While Paraguay does not border any oceans, the landlocked central South American country does have plenty of water. Major rivers crisscross the country, providing transportation and scenic wonder. Some of the world’s most beautiful waterfalls plunge from Paraguay rivers. Dense forests provide homes for endangered species, while scientists continue to discover new species in its lowland rain forests and wetlands.
A vast lowland called Gran Chaco comprises more than 60 percent of Paraguay and is the country’s largest landform. Gran Chaco lies north and west of the Paraguay River. Characterized by poor soil and a harsh tropical climate, it is Paraguay’s least populous region. Winters are parched, while summer rains turn Gran Chaco into a humid swampland. Nevertheless, much of the area is untouched and an interesting place for the adventurous tourist. At the remote Parque Nacional Defensores del Chaco, visitors can spot jaguars, tapir and puma roaming in the dense forest. The park also features a variety of birdlife, including the 6-foot-high jabirus, a stork species. A four-wheel drive vehicle is necessary, and a local guide is recommended.
Most Paraguayans live in Paranena, an extensive plateau in southeast Paraguay. Cultivated fields, forests and rolling hills characterize the region, the country’s second largest landform. It is also home to abundant wildlife. Easily accessible from Asuncion, Paraguay’s capital, Parque Nacional Ybycui features partridges and hundreds of butterflies. Farther north, the hilly, heavily forested Cerro Cora National Park has armadillos and monkeys. Visitors can also experience Paraguay’s political past, here, as the park was the site of Paraguay’s last and losing battle against the triple alliance of Brazil, Argentina and Uruguay in 1870.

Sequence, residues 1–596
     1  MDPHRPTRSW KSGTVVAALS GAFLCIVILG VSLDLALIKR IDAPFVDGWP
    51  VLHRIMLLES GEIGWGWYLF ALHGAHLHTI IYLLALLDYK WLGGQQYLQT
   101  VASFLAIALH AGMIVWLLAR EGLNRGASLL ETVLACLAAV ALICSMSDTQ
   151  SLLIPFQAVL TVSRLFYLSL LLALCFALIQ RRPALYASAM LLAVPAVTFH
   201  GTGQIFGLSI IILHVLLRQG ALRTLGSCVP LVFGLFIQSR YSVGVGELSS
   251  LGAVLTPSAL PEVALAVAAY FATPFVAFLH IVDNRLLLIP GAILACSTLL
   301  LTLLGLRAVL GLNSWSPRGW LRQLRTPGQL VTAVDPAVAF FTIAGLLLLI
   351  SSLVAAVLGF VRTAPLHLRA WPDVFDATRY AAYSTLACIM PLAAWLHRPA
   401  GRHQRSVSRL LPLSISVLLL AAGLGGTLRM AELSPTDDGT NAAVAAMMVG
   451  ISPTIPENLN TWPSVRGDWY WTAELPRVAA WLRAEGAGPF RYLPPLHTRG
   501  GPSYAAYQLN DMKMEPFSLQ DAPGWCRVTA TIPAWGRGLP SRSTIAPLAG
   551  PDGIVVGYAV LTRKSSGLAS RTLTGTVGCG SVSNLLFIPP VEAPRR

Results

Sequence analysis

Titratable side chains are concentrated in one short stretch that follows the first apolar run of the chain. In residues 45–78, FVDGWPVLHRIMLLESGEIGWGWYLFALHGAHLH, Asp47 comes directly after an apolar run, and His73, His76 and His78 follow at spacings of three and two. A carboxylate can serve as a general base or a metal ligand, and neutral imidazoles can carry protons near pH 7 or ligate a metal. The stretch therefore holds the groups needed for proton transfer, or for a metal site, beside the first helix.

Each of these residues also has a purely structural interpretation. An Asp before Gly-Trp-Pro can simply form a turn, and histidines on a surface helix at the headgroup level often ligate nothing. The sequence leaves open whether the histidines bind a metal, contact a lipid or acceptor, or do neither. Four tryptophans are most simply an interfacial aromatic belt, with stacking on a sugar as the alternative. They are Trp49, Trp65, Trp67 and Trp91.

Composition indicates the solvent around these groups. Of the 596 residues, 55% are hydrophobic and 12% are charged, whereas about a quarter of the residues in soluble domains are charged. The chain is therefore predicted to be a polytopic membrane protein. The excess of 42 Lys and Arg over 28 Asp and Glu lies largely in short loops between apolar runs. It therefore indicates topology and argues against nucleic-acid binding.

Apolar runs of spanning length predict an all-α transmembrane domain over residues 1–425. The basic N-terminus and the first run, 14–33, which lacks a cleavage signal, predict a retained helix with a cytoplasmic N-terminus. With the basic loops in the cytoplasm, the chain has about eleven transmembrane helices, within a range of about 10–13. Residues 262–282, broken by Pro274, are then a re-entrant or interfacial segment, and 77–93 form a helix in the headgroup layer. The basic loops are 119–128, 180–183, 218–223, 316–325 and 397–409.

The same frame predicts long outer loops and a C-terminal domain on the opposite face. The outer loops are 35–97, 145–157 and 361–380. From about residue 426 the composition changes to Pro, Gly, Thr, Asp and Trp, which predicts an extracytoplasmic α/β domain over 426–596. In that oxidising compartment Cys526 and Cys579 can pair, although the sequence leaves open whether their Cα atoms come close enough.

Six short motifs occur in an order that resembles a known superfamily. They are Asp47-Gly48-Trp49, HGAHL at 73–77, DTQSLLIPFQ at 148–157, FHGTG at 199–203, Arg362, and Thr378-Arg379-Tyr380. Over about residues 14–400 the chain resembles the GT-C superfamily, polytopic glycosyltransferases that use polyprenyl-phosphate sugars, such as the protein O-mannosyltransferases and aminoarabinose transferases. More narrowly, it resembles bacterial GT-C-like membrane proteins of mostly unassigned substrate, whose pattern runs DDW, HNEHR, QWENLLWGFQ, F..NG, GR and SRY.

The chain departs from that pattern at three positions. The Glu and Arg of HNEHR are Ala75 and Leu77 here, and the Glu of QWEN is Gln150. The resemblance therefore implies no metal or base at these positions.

The Upper Paraguay River and its tributaries form the Pantanal, a wetland that sits between the Gran Chaco and Paranena in the region that extends to Brazil and Bolivia. More than 95 species of mammals inhabit the world’s largest inland wetland including jaguars, deer, wolves and giant anteaters. It is also a haven for birds; more than 600 species have been identified, including 15 parrot species. Tours from Asuncion take visitors to the protected areas to view wildlife. It is also a center for biological research where previously unknown flora and fauna are identified.
Rivers, Lakes, Waterfalls and Mountains
While the Paraguay River divides the country into east and west regions, the Parana River flows along the country’s southeastern border. At its confluence with the Monday River, spectacular falls drop more than 260 feet to the river below. Nearby, the Iguazu River also flows into the Parana where Brazil, Argentina and Paraguay meet. Just upriver, the world-famous Iguazu Falls tumbles toward Paraguay, and farther south where the Nacunday River meets the Parana, Nacunday Falls rushes over the rocks and drops more than 360 feet. Lake Ypacarai -- one of Paraguay’s largest lakes -- sits just east of Asuncion, where recreational sports attract tons of visitors. A worn-down mountain range extends along Paraguay’s eastern border with Brazil. The highest peak is Cerro Pero at 2,762 feet.